She suggests that the reason the public doesn’t know is that we don’t tell them, that libraries wait for people to come to us, when we could go out to the community. Marylaine says that as the director goes out (I hope that’s so, but I fear too many times it’s not), so could other library staff.
All this reminded me of Rochesterfest — where I’ve found wonderful food the last couple of days (why cook?). At Rochesterfest, there is a row of food stands, run by our great local restaurants. People who go to the festival find great food from vendors whose restaurants they may never have thought to try.
So, just like the restaurateur, who comes to meet new customers where they are, the library will bring valuable information to people where they are through the library speakers’ bureau.
While I don’t work in a library that provides direct service to end users, I do get the chance to speak to groups (as do most of the librarians I work with) – and really get charged up when I invited to do so. I’ve spoken to church libraries, Rotary, groups of teachers and librarians, led a book discussion for a tea, and am looking forward to this fall when among other meetings I’ll be doing a presentation for the Friends of the Mabel Public Library.
Kathy Dempsey, editor in chief of Computers in Libraries posted this to the PR Talk listserv this morning: posted here with Kathy’s permission
. . . when someone wonders why America still bothers with libraries, refer the un– informed person to Bill Gates. you have to admit, he’s one of the country’s richest and, likely, smartest men. so if libraries are useless, why does Gates continue to support them with millions of dollars? if he sees that much value in them, they must be worthwhile, and still necessary, right? especially considering Gates is all about technology! yet he champions libraries and helps bring them up-to-speed technically. therefore they must still be worth using.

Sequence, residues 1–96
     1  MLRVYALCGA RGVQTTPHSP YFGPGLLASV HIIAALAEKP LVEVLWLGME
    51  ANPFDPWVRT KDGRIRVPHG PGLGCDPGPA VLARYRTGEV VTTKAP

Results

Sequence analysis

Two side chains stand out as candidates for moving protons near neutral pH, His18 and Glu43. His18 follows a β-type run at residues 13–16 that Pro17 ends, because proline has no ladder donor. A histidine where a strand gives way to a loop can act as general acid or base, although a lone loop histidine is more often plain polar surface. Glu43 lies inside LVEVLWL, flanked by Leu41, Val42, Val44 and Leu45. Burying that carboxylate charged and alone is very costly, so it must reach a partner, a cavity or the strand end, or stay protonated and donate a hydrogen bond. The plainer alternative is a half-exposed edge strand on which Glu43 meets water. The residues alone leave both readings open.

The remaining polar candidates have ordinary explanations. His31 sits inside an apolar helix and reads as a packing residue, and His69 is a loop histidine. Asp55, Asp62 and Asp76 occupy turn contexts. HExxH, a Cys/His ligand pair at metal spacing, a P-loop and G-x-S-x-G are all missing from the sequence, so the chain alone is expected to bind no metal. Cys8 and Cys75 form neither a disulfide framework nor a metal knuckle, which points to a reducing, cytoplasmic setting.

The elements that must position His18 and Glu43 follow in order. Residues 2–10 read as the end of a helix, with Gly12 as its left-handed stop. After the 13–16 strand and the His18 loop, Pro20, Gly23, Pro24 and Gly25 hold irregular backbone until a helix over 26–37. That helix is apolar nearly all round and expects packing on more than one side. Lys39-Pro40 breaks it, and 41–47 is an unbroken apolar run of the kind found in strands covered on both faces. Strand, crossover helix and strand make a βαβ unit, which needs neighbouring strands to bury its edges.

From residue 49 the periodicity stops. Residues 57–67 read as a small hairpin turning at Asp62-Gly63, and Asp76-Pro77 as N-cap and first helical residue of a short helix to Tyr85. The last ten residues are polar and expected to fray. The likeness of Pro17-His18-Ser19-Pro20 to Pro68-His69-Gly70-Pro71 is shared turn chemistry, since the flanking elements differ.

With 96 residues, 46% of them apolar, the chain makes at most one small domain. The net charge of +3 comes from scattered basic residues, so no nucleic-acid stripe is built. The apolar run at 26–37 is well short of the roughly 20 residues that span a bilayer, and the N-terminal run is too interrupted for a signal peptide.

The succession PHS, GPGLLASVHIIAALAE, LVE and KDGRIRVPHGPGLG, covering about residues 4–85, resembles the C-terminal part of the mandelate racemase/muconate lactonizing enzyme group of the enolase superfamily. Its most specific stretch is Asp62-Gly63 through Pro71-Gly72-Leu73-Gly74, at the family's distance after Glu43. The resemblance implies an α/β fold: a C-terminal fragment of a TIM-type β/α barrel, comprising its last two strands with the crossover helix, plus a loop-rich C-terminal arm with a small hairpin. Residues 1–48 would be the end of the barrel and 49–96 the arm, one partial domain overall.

Kathy also recommended an article in Educause Review, If the Academic Library Ceased to Exist,Would We Have to Invent It? by Lynn Scott Cochrane, Director of Libraries at Denison University. It could apply to other types of libraries, as well. Ms Cochran relates a fictitious college which quit supporting the collections and staff of the library, and instead gave each student the prorated amount of money spent on their behalf for the library – $1,230. The college did leave the library doors open, without management or staff and only kept a cleaning service.
The article relates how a typical student spent their money and how inadequate other sources of information were, the public library with its typical collection or a nearby academic college which had made a similar decision regarding funding. It reminds me of the disturbing trend I’m seeing in the libraries I serve where funding is cut by cities, counties, boards, administrators, etc. with the rationale that the patron or student can just go use other libraries in the community. Situations like this are really happening — such as the case in Jackson County Oregon, where all 15 libraries are closing at the end of their normal business day on April 6th. See my posting on SELCO Librarian, 10 Reasons for Public Libraries.